Dakota Security opens seventh office
RAPID CITY, S.D.—Dakota Security, a PSA Security owner, on April 18 opened its seventh office here. It will serve as a logistical base of operations for Dakota to take advantage of security opportunities arising from the booming local economy, Eric Yunag, CEO of Dakota Security, told Security Systems News.
“We’ve had operations in that area of South Dakota for many years. But opening an office in Rapid City puts us right in the center of our current client base there and [will give us a base of operations to grow into additional areas] of South Dakota, North Dakota, Wyoming and Montana,” Yunag explained.
The office will serve “several vertical markets—oil, gas, agriculture and coal mining, some of which we are actively targeting,” he added.
Oil and gas exploration, which has been going on in the area actively for five or more years has really picked up the past two years. Geologists estimate that the area harbors one of the top five oil reserves in the world, Yunag said, but until recently “they didn’t have the technology to get at it.”
“This office continues to position us in an area with a stable economy, in the center of our vertical-market customers, who all have a high demand for security,” Yunag said.
And these customers are bringing in more potential customers for Dakota Security.
“The boom in vertical markets is feeding other facets of the economy quickly, and that means more opportunity for us,” Yunag said.
“There has been a large influx of workers. So there’s a demand for safety and security, and also an immediate need for critical infrastructure: multi-tenant housing, schools, transportation, water-treatment plants,” he explained.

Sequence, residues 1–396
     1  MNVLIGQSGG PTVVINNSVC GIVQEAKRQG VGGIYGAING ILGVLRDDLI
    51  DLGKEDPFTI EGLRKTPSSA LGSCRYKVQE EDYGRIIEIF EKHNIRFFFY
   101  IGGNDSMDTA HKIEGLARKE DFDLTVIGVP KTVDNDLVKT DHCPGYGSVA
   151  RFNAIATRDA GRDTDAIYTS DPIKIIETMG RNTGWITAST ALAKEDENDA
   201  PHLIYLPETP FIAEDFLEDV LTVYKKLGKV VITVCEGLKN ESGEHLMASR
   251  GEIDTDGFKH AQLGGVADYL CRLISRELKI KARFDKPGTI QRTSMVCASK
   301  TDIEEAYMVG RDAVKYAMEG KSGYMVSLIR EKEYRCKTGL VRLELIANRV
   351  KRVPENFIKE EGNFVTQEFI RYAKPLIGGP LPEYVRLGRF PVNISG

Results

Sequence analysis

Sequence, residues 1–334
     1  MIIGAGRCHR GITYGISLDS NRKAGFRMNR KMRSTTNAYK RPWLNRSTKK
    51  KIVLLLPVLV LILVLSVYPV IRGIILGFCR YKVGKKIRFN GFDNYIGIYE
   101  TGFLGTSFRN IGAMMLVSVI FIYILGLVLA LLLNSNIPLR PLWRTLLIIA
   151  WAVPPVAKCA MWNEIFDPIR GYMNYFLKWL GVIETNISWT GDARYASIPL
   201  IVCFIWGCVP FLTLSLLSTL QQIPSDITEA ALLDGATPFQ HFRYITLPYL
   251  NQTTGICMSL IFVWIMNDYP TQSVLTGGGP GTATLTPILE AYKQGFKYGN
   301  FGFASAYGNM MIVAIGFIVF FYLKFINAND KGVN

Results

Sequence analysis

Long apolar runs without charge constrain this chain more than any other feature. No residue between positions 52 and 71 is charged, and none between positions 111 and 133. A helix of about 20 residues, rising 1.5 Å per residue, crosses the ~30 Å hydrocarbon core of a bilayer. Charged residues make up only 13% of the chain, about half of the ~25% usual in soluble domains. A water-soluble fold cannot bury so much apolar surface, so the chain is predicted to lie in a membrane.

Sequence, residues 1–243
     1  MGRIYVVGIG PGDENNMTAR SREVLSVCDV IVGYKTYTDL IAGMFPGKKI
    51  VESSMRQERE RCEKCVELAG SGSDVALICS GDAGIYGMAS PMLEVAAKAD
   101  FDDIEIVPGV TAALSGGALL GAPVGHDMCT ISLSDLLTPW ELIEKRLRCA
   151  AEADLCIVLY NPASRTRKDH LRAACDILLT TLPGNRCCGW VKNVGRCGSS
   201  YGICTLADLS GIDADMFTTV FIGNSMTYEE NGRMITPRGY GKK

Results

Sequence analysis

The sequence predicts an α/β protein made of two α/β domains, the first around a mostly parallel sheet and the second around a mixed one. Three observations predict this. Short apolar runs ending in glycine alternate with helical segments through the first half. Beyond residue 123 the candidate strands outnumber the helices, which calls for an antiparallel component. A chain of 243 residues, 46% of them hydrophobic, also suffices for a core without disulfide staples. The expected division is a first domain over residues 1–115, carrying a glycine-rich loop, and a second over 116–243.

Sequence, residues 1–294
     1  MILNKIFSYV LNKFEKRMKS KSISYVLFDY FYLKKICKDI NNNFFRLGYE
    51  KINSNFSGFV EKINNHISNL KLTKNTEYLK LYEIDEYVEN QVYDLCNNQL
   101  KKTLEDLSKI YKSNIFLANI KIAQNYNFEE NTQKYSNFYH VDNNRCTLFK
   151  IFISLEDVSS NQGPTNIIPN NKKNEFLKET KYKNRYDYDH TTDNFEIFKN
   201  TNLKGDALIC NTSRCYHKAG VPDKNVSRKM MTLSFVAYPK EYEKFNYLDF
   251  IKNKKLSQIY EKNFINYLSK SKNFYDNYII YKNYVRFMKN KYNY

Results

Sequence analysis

“The unemployment in the area is around 2 percent, [and] North Dakota is a state with a budget surplus. It’s really a modern-day Gold Rush,” he said.
“There’s not enough hospitals, roads, law enforcement, you can’t find a house, there are entire man camps built by energy service companies to house people,” he continued.
Dakota has seven technicians and sales people in the area already and plans to hire additional sales and installation personnel for the new Rapid City office.
The systems Dakota is installing in the area are “really cross-disciplinary, though access and surveillance are the two largest demands,” Yunag said. “Surveillance [in agricultural and energy applications in particular] in large open spaces is critical out there, so mesh network and other communications infrastructure is necessary to deploy surveillance in wide open spaces.”
Dakota is using a lot of Tropos’ wireless equipment in these applications. “We have an increasingly strong partnership with Tropos. [We like their] track record of providing large, scalable wireless mesh systems,’ he said.
Dakota Security has more than 100 employees and is headquartered across the state from Rapid City—six hours to the east, in Sioux Falls, S.D. Its operations are concentrated here in the upper Midwest with offices in Des Moines, Iowa; Omaha, Neb.; Fargo, N.D.; and Chicago. It also has an East Coast office in New York, and a West Coast office in Phoenix.